A SPINSTER AND A SIXTH-GRADE JESUS
our reading list for May 2015
Says The New York Times, "Why would you read a six-volume, 3,600 page Norwegian novel about a man writing a six-volume, 3,600 page novel? The short answer is that it is breathtakingly good and so you cannot stop yourself, and would not want to." The much anticipated fourth installment is now available in English.
ALL OUR HAPPY DAYS ARE STUPID by Sheila Heti
McSweeney's has finally published the play that serves as the turbulent backdrop for Heti's 2010 popular novel How Should A Person Be?.
WILDSAM FIELD GUIDES
Small books about Nashville, Austin, Detroit, New Orleans & San Francisco filled with local lore, interviews, memoir, hand-drawn maps, and personal essays. Equal parts travel guide and tribute that suits both weekender and native alike.
THE FOLDED CLOCK, a diary by Heidi Julavits
Inspired by the discovery—and consequent reading of—her childhood journals, novelist Julavits chronicles the minutia of her daily life. Concealed beneath her obsession with “dailiness” are sharply observed moments of cultural criticism and emotionally driven philosophical queries.
SPINSTER: MAKING A LIFE OF ONE’S OWN by Kate Bolick
A revelatory look at the pleasures and possibilities of remaining single. Spinster introduces a cast of pioneering women (including columnist Neith Boyce, social visionary Charlotte Perkins Gilman, and poet Edna St. Vincent Millay) from the last century whose genius, tenacity, and flair for drama have emboldened Bolick to fashion her life on her own terms.
THE AMERICAN PEOPLE VOL.1 SEARCH FOR MY HEART by Larry Kramer
This is historical fiction only in the broadest sense. Kramer took 40 years to write a novel that revises centuries of American civilization, starting with prehistoric monkeys who spread a peculiar virus and culminating in a twentieth century religious conspiracy between eugenicists, McCarthyites, and Ivy Leaguers to exterminate homosexuals. And this is only volume one.
Things that aren't brand new but you should read anyway > ALL THE LIGHT WE CANNOT SEE by Anthony Doerr just won the Pulitzer and is selling briskly at both our Forest Hill and Queen Street stores, and last year's winner THE GOLDFINCH by Donna Tartt is finally out in paperback.
SEVEN SPOONS by Tara Brady
Delicious photos, hearty recipes, and personal reflections on our relationship to food from the Southern Ontario resident and regular contributor to the always-beautiful UPPERCASEmagazine.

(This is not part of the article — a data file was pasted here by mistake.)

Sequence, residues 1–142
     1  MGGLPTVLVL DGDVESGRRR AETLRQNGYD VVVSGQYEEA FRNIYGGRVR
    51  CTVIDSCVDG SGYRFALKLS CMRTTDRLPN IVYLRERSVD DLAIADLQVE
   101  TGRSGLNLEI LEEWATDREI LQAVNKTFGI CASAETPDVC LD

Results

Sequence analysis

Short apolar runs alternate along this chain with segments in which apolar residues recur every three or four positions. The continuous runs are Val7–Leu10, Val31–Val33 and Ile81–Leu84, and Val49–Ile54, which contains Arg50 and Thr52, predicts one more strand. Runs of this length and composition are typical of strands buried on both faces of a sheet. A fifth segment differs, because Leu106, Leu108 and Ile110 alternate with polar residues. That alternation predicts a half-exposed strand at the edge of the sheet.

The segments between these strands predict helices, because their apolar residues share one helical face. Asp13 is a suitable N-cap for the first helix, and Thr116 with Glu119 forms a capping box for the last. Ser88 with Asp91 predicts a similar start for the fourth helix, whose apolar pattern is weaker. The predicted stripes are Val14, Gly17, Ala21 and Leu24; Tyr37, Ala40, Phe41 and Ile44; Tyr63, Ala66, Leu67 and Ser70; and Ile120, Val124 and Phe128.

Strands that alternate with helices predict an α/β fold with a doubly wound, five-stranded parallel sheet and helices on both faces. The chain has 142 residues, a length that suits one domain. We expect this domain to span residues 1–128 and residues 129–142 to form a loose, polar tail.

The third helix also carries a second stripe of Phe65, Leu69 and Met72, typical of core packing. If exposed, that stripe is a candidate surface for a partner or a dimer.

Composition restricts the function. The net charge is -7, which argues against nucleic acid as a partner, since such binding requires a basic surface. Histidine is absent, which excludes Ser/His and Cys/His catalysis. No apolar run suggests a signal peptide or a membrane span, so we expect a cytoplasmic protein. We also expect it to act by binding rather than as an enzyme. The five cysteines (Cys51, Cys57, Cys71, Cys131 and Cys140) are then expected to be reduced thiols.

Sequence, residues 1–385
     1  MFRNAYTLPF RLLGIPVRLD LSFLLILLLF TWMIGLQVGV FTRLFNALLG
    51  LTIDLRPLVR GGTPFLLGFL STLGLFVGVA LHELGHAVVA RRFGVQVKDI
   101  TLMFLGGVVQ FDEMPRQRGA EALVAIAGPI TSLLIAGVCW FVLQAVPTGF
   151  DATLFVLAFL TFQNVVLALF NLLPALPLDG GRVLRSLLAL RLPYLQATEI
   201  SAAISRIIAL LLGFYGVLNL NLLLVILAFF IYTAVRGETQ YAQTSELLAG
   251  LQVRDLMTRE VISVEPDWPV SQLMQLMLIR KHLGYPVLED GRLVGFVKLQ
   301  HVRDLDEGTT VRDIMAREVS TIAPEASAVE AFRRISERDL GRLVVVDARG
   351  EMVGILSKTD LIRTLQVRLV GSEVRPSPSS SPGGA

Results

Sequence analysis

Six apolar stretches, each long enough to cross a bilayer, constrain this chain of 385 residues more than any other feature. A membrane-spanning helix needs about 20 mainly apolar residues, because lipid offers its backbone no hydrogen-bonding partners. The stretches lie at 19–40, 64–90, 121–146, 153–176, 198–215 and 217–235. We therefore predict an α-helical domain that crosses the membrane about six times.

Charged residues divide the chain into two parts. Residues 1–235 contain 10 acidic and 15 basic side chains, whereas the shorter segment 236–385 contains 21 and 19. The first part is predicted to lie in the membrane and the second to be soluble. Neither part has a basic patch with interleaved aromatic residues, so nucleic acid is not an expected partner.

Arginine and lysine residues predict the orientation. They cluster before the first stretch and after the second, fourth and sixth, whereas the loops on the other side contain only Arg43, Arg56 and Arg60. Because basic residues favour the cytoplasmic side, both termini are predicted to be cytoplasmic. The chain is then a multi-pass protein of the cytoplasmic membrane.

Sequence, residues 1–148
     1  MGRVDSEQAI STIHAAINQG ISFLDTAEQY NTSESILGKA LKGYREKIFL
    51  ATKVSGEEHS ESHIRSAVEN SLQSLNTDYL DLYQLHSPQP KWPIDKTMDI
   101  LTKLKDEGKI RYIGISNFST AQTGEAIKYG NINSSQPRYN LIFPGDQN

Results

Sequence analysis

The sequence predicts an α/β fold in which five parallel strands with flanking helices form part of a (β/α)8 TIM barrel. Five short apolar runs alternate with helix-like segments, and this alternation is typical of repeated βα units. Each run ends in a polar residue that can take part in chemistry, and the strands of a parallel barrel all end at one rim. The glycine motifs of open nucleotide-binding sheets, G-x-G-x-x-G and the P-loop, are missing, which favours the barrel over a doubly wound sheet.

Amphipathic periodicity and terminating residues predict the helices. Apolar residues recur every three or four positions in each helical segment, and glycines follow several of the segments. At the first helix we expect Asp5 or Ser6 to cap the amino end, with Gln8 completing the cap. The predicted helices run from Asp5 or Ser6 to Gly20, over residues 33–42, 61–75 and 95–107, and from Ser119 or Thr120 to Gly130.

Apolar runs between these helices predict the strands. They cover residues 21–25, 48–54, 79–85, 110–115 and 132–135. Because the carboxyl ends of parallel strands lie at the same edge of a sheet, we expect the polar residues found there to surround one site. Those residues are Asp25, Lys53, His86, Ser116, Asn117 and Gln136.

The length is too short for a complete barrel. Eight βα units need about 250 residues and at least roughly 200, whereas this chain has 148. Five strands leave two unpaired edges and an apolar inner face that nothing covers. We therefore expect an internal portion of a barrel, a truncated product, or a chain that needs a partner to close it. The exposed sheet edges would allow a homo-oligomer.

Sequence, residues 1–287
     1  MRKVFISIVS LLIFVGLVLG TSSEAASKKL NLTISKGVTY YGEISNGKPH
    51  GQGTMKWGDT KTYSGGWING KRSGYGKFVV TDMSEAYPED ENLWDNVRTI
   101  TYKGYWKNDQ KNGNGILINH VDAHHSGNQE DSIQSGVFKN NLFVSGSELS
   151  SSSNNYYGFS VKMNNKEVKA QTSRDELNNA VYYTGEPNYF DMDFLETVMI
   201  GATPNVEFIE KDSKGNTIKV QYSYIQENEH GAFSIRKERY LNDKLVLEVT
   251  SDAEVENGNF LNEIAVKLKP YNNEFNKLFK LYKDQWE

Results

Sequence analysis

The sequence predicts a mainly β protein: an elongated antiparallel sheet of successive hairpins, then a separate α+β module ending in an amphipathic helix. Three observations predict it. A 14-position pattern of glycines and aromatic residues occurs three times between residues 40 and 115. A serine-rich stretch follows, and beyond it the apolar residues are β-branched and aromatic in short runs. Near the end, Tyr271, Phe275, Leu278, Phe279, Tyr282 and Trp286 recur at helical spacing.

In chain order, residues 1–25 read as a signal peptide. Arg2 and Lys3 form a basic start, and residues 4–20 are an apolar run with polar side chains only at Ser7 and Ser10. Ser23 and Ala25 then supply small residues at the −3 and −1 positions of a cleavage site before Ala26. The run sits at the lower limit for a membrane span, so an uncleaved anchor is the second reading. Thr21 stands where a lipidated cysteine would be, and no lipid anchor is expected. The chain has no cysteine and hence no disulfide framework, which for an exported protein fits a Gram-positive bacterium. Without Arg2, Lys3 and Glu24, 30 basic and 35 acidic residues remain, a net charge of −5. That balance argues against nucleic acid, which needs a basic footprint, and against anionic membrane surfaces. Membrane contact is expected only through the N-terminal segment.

MY NEW ROOTS by Sarah Britton
Britton is a holistic nutritionist and a sincere lover of food. In this handsomely photographed tome she advocates for using seasonal ingredients and placing vegetables, fruits, whole grains, beans, lentils, nuts, and seeds at the heart of every meal.
DAYDREAMS OF ANGELS, stories by Heather O’Neill
A sixth-grade Jesus is startled to find wine has appeared in his juice box – this and other fantastical yarns appear in a new story collection infused with the wonderment of childhood tales and bible stories.
AFTER THE TALL TIMBER, collected non-fiction by Renata Adler
Influential novelist Adler's best essays and long-form journalism, book and film reviews, witty and biting social commentary.
BEAUTIFUL BIRDS by Jean Roussen, illustrations by Emmanuelle Walker
The folks at Flying Eye have delivered us another hit from their London press. A rhyming alphabet book where each new turn uncovers a stunning portrait, from close-ups of yellow egret eyes to jaunty little finches scattered across the page. Ages 3-8
SNOW WHITE AND THE 77 DWARFS by Davide Cali, illustrations by Raphaelle Barbanegre
Cali delivers a unique take on a Brothers Grimm classic. Snow White grows tired of keeping house for 77 demanding dwarfs and takes drastic measures. Lots of hidden design details in this one. Ages 6-8
RHYMOCEROS by Janik Coat
A new board book from the French master of minimalist graphic design. This time the star is a blue rhinoceros, juxtaposed against his rhyme doppelgänger on every spread. Maria Popova of Brain Pickings says that Coat “Blends Blexbolex’s unexpected parallels and contrasts with Paul Rand’s simple semiotic sensibility,” and we cannot disagree. Ages 0-2
OUTSTANDING IN THE RAIN by Frank Viva
This charming story of an ill-fated Coney Island birthday trip (complete with rain, hence the title) doubles as a language lesson in oronyms (a pair of phrases that are pronounced similarly due to phonological juncture, hence the title). Ages 3-7
THE TRUTH COMMISSION by Susan Juby
A first-person meditation on the nature of truth, disguised as a teen novel about Nanaimo art-school kids. Best YA so far this year. Ages 14-18
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